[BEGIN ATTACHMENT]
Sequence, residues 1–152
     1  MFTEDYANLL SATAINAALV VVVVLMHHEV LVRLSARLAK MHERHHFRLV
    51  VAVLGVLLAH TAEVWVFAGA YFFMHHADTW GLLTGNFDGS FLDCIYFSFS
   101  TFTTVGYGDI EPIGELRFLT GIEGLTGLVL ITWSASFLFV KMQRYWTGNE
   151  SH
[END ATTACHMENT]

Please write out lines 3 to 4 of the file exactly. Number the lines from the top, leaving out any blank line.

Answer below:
    51  VAVLGVLLAH TAEVWVFAGA YFFMHHADTW GLLTGNFDGS FLDCIYFSFS
   101  TFTTVGYGDI EPIGELRFLT GIEGLTGLVL ITWSASFLFV KMQRYWTGNE